Both Philadelphia at 43rd and Pittsburgh at 45th ranked high among larger metros in advanced industries employment.

"Nobody has deeper roots in industrial innovation than the Pittsburgh region," says Dennis Yablonsky, CEO of the Allegheny Conference on Community Development and its affiliates. "Advanced industries are in our DNA, and we believe they are critical to our future."

Brookings singled out Pittsburgh’s Aquion Energy, a Carnegie Mellon spinoff and maker of sodium ion batteries and energy storage systems, in a video.

Pittsburgh’s "sophisticated technology assets and experienced workforces…epitomize the kind of synergies a city can provide to a new company," explains Mark Muro of Brookings.

Among small metro areas, Chambersburg ranked 43rd, with advanced industries accounting for 10.5 percent of its jobs.

Source: Brookings Institution Metropolitan Policy Program, Allegheny Conference on Community Development
Writer: Elise Vider

 

Dynamic marketing campaign pushes innovation on the I-99 corridor

Economic development officials in Centre, Blair and Bedford counties are at work on a fresh marketing campaign touting the I-99 corridor as a prime location for business growth.

"With the largest concentration of Keystone Innovation Zones and Penn State University’s leadership status in materials science, life sciences and information technologies, the I-99 corridor region is poised to take its marketing efforts to the next level to support local companies and attract new investment," says Lesley Kistner of the Chamber of Business & Industry of Centre County.

The campaign is aimed at site selectors, corporate decision makers and economic development officials; it includes an annual print publication scheduled to launch this summer and a revamped website. Besides CBICC, the partners are the Altoona-Blair County Development Corporation and the Bedford County Development Association.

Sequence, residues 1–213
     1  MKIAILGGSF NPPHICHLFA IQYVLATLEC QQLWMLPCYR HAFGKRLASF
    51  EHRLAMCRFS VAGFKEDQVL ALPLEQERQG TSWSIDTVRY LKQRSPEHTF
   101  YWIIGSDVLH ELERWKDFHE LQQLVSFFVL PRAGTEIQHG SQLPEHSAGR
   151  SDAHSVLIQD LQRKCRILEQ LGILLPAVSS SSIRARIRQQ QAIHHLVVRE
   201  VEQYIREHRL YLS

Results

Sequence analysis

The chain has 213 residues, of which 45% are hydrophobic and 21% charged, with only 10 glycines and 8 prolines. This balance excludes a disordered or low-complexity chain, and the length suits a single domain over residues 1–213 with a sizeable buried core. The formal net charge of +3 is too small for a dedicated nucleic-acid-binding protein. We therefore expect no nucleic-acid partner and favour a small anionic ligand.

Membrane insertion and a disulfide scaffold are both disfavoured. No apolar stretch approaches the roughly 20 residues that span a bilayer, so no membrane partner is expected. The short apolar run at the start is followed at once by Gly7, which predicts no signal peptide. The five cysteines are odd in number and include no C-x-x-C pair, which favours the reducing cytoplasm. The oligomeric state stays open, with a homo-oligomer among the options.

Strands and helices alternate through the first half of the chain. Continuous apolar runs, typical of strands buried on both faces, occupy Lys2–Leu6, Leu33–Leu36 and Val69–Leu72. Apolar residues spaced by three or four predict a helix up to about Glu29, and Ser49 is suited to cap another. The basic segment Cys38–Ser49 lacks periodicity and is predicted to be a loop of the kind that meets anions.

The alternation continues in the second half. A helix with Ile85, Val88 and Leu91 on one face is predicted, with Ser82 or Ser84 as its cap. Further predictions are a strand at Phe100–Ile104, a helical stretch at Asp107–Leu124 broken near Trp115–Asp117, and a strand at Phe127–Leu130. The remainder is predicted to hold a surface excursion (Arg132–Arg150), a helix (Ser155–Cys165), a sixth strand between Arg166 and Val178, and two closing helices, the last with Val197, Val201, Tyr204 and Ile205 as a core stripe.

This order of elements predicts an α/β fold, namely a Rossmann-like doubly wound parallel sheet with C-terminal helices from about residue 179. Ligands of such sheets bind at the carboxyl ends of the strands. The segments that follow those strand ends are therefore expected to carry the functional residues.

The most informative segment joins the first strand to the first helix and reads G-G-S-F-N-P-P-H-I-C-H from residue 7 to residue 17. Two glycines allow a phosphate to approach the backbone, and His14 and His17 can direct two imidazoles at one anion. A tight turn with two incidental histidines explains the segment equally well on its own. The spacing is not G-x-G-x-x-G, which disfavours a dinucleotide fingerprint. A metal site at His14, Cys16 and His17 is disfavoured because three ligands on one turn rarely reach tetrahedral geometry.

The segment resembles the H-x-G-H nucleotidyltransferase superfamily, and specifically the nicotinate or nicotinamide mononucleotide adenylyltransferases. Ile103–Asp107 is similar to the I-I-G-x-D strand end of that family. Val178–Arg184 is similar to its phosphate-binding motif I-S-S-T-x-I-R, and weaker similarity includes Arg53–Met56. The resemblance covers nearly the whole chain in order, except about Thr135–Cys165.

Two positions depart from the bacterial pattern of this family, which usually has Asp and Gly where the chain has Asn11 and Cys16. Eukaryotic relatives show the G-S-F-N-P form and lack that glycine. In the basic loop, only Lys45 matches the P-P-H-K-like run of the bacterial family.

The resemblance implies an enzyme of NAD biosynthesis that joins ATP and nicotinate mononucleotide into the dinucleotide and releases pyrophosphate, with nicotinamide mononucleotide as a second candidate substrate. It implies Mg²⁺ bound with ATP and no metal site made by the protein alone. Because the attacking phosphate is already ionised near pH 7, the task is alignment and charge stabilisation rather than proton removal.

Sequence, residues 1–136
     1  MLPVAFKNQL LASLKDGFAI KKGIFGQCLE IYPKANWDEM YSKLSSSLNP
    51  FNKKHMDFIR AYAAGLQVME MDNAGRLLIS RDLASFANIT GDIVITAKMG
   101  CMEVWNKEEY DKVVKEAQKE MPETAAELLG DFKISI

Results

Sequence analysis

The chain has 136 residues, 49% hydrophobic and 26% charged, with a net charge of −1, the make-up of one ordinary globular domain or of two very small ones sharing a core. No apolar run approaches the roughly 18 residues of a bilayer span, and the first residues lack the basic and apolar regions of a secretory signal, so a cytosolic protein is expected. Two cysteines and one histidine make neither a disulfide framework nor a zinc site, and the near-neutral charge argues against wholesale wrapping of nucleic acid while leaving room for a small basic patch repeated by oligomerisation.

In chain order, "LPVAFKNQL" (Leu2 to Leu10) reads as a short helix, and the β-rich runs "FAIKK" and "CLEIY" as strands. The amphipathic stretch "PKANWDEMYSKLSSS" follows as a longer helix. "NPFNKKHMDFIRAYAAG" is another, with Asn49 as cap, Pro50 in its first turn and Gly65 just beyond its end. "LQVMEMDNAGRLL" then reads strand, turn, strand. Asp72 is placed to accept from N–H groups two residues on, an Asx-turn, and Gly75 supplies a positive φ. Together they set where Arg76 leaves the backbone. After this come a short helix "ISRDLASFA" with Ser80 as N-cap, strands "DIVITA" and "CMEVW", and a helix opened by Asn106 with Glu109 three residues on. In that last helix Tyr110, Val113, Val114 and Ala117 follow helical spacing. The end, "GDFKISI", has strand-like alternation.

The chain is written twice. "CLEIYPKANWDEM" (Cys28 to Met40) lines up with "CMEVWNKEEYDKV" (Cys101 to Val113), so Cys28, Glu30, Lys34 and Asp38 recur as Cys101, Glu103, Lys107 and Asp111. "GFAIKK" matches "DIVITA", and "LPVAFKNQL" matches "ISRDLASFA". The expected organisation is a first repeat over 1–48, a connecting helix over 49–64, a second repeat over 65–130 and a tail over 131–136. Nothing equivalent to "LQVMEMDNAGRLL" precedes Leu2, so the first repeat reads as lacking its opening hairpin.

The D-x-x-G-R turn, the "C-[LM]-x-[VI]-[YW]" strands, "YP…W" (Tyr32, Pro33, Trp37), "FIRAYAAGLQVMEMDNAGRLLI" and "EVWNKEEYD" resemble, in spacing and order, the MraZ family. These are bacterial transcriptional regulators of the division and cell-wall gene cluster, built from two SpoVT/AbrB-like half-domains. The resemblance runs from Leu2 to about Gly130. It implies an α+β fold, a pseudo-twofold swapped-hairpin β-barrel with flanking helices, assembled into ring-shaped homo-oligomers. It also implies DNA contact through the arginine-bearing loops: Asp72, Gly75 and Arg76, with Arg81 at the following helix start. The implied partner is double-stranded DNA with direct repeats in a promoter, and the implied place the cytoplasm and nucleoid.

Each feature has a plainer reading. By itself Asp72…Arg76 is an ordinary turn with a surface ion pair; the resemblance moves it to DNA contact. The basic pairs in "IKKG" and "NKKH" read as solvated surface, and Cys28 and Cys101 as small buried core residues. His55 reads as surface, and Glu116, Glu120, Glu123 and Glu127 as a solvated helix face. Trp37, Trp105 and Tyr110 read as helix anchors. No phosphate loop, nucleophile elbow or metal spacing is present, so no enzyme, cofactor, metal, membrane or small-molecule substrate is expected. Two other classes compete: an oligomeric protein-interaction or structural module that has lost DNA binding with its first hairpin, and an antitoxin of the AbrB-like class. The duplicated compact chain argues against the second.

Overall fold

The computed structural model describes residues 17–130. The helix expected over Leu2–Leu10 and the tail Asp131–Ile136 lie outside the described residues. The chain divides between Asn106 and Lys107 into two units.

The three counties began collaborating in 2001 on economic growth along I-99, which runs north-south, linking I-76 and I-80. From the outset, a key objective was to leverage the strengths of Penn State.

“So while work to promote the economic development assets of the corridor is not new, the effort has been re-energized at a time when its most recognizable asset -- Penn State University -- has made economic development a focal point," explains Kistner. "Under President Barron, [the school] has made dramatic improvements in its intellectual property policy -- all strong selling points that make the region attractive to business."

Adding to its appeal, the I-99 corridor has 10 Keystone Innovation Zone locations designed to link technology-based companies with university faculty and research support, and numerous Keystone Opportunity Zones, which feature a greatly reduced tax burden.

The corridor also offers easy access to "Penn State University and its world-class research across many fields of study, including a leadership in metallic materials additive manufacturing," adds Kistner. "Low-cost energy, a skilled workforce, a strong entrepreneurial ecosystem, a strategic location to Marcellus and Utica natural gas shale plays, and an efficient transportation system all combine to make the corridor and this region of central Pennsylvania attractive to business and industry."